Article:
About 150 applicants per year are attracted to the medical physics program. Each fall the program admits 15–20 students based on academic record. This results in an average enrollment of approximately 100 students each semester. Less than one-fourth of the students pursue the M.S. degree as a terminal degree, and the remainder continue on to the Ph.D.
A bachelor's degree in physics is considered the best preparation for graduate study in medical physics, but majors such as nuclear engineering, biomedical engineering, electrical engineering, or chemistry may also be acceptable. The student's math background should include calculus, differential equations, linear algebra, and Fourier analysis, such as might be learned in modern optics or undergraduate quantum theory. Some facility in computer programming and electronic instrumentation is desirable. One year of chemistry, a year of biology, and an introductory course in physiology are also advantageous.
Beginning graduate students should start their studies in the fall semester, as the course sequence is based on that assumption. Students applying for admission should submit an online application and all supporting documentation by December 1 (for domestic applications; international applications are due November 15), to ensure consideration for admission and financial support to begin the following fall.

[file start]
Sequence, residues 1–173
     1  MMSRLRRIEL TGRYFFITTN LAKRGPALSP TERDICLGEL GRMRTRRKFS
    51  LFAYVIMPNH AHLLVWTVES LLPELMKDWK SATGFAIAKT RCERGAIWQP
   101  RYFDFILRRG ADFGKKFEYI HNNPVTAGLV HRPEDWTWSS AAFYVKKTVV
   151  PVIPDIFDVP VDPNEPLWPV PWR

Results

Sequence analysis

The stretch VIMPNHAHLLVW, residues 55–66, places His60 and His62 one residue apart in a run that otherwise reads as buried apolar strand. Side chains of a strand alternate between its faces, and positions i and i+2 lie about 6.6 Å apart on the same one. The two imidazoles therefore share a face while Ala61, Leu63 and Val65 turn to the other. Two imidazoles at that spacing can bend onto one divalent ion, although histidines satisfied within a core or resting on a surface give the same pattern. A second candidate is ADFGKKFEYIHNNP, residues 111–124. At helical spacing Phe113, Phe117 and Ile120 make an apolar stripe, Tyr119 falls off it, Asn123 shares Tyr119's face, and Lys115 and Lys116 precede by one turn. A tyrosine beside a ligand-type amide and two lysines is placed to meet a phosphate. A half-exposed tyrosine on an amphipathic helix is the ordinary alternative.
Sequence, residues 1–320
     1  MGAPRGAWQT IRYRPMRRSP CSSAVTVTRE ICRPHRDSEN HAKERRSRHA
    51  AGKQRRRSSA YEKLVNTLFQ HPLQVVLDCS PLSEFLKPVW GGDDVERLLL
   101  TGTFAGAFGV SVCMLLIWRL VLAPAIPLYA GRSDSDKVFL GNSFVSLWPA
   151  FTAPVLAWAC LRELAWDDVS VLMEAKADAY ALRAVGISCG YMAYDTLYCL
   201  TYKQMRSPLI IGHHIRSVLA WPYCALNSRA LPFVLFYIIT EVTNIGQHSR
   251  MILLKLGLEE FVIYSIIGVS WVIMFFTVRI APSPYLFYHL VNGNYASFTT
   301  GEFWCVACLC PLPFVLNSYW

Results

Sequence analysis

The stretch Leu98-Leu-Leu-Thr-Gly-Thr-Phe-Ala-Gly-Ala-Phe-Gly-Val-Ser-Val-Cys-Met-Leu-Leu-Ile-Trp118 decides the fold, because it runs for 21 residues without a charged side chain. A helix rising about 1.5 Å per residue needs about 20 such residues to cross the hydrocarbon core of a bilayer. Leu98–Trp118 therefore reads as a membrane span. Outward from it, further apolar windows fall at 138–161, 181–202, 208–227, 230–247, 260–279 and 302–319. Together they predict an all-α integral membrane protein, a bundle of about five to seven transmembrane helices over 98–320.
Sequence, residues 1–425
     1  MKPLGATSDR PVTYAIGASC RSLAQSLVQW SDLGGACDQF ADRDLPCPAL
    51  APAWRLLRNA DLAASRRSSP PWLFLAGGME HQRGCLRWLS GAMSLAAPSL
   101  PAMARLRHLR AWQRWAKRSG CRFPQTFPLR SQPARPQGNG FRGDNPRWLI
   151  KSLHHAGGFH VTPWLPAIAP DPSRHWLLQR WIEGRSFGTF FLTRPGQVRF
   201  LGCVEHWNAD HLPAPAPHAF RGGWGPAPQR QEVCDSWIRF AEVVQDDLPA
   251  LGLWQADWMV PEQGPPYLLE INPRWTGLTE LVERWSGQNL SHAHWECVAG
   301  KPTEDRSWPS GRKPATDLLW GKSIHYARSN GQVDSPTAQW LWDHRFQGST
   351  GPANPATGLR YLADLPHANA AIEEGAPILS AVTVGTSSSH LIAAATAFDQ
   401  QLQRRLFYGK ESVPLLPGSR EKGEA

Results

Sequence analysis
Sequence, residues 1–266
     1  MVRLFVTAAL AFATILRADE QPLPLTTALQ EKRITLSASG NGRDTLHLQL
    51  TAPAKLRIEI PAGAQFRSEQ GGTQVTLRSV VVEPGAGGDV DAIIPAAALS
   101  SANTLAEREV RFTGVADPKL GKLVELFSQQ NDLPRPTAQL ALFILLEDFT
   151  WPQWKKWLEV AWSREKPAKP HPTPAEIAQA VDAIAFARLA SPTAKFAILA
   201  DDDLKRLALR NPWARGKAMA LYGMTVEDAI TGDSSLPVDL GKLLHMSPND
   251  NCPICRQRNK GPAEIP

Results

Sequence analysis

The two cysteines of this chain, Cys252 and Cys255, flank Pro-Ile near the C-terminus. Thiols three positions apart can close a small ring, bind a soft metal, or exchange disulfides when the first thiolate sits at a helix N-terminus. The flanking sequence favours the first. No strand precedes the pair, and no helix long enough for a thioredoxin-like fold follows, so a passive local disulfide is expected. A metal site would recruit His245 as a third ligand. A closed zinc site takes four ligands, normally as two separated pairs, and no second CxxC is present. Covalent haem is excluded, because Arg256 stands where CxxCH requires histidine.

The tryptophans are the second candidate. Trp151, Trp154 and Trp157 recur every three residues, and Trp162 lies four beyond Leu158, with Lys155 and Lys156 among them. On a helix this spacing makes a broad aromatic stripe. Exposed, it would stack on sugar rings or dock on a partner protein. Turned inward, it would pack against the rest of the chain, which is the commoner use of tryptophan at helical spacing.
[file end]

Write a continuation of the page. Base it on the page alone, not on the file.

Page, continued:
Admission to the graduate program is competitive. Applications are judged on the basis of a student's previous academic record, Graduate Record Exam (GRE) scores, research experience, letters of recommendation, and personal statement of reasons for interest in graduate study in medical physics.
The application process is in two parts:
- Complete the online application to the Graduate School and pay application fee.
- Provide electronic copies of resume (include awards, fellowships, and scholarships received, publications, volunteer activities, and research experience); the "applicant data sheet"; personal statement of reasons for interest in graduate study in medical physics; and mail two official sets of paper transcripts to the department. Note: Recommendation letters are submitted electronically through the online application. To report Graduate Record Exam (GRE) scores, use Institution Code 1846 for the University of Wisconsin–Madison.
Knowledge and Skills
- Articulates research problems, potentials, and limits with respect to theory, knowledge, or practice within the field of medical physics.
- Formulates ideas, concepts, designs, and/or techniques beyond the current boundaries of knowledge within the field of medical physics.
- Creates research, scholarship, or performance that makes a substantive scientific contribution.
- Demonstrates breadth within their learning experiences.
- Advances contributions of the field of medical physics to society.
- Communicates complex ideas in a clear and understandable manner in both oral and written formats.
- Fosters ethical and professional conduct.
Faculty: Professors Jackson (chair), Alexander, Bayouth, Block, Campagnola, Chen, Christian, DeJesus, DeWerd, Fain, Grist, Hall, Henderson, Jeraj, Korosec, Meyerand, Peppler, Reeder, Thomadsen, Varghese, Wakai; Associate Professors Brace, Cai, Emborg, Ranallo, Vetter, Weichert, Wieben; Assistant Professors Bednarz, Birn, Culberson, Kissick, Li, Nagle, Prabhakaran, Smilowitz, Speidel; Emeritus Professors DeLuca, Holden, Mackie, Madsen, Mistretta, Nickles, Paliwal,Van Lysel, Zagzebski